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A dry spring, a hot, dry summer and a fall that's already seen temperatures slip below the freezing mark in parts of the Corn Belt. It's certainly been far from an average year. So, what's it all mean for your grain storage plans this fall?
For corn, it looks like the next 2-3 weeks could be an awfully good time to let your crop dry down in the field, says Iowa State University ag engineer Charles Hurburgh. But, only if you know your stalks can hang on until the combine rolls. And, there is reason to believe that it may be tough for the crop to stand until then, Hurburgh says.
"If you determine that particular fields have stalk rot, which is prevalent this year, harvest those fields early and dry the corn. At current corn prices, drying is preferable to grain loss. At $2 per gallon for propane, the drying cost in an average dryer for one point of moisture is equal to about 0.25 percent field loss, with $7 corn," he says. "Dryers vary and propane costs change but in general, very little field loss can be accepted before early harvest and drying is a better choice."
Of the corn that's been harvested so far this fall, yields have been all across the board. But, a lot of expectations are lower for this year's crop, and if part of your yield drawbacks involve lower test weight, take that into account when storing your grain, Hurburgh advises.
"In general, corn below 52 lb/bu (dry) will be a high storage risk; market it first. There will be variations by hybrid and area; know the test weight of each one to make good decisions. The test weight readings from elevator moisture meters are adequate to make these decisions assuming the elevator has periodically checked against a USDA grader to adjust the machine," Hurburgh says. "There will be large variations in test weight this year. Feed value is likely to be good. Lower yields and fewer nitrogen-removing heavy rains favor increased corn protein, which is good for livestock feed, but which reduces ethanol yield per bushel."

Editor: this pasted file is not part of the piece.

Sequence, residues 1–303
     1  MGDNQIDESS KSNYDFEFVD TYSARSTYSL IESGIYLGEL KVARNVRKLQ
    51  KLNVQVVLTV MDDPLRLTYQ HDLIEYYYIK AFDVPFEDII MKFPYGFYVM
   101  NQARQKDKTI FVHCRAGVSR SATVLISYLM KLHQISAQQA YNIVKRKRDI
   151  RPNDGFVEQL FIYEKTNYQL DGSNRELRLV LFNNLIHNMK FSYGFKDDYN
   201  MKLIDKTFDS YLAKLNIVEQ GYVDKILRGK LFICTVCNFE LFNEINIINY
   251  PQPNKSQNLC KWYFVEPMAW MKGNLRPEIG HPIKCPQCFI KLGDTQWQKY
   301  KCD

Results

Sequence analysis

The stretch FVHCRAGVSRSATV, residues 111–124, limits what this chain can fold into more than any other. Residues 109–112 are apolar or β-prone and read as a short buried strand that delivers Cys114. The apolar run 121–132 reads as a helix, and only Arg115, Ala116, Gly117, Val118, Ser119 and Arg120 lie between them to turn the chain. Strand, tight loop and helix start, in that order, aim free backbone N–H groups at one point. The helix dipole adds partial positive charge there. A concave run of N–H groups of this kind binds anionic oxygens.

And, looking at the forecast for the rest of September, the weather looks to be turning dry and warmer for much of the Corn Belt. If your grain is warm but fairly dry when you bin your corn, let this guide your plans once you get the grain in the bin.
"The most important initial action in grain storage is to cool the grain. You may have to add one to two more aeration cycles this year," Hurburgh says. "Dry air (low dew points) will cool grain by evaporative cooling. The high value of grain puts a premium on cooling but not over drying."
Soybean drying plans
Though August -- the month agronomists agree is most important to soybean crop development -- was hot and fairly dry this year, rainfall later in the month and early in September helped out the crop. But, that rain could complicate soybean storage decisions this fall.
"Many soybean fields benefited from late- season rains. The result will be mixed maturity in the same field – dry and wet beans together. This will be a challenge for combine setting, but from a storage perspective, mixtures will respond in storage like the wetter fraction," Hurburgh says. "Therefore, the common practice of putting beans in unaerated bins will not work well; aerate them to cool and equalize moisture, then transfer to other bins if needed."
The way the crop is shaping up so far, a lot of soybeans could potentially be put in storage this fall while they're still green. If that's the case on your farm, make sure to keep them aerated once they're in the bin.
"The best plan is put these beans in an aerated storage and wait 2 to 4 weeks before delivering them. If there are green soybeans, buyers will need to refresh themselves on the 'line' (intensity) of greenness required to be classed as Damage in the Grades," Hurgburgh adds. "Always use an Official federally-licensed grain inspection agency to determine this line, and as a referee in borderline cases."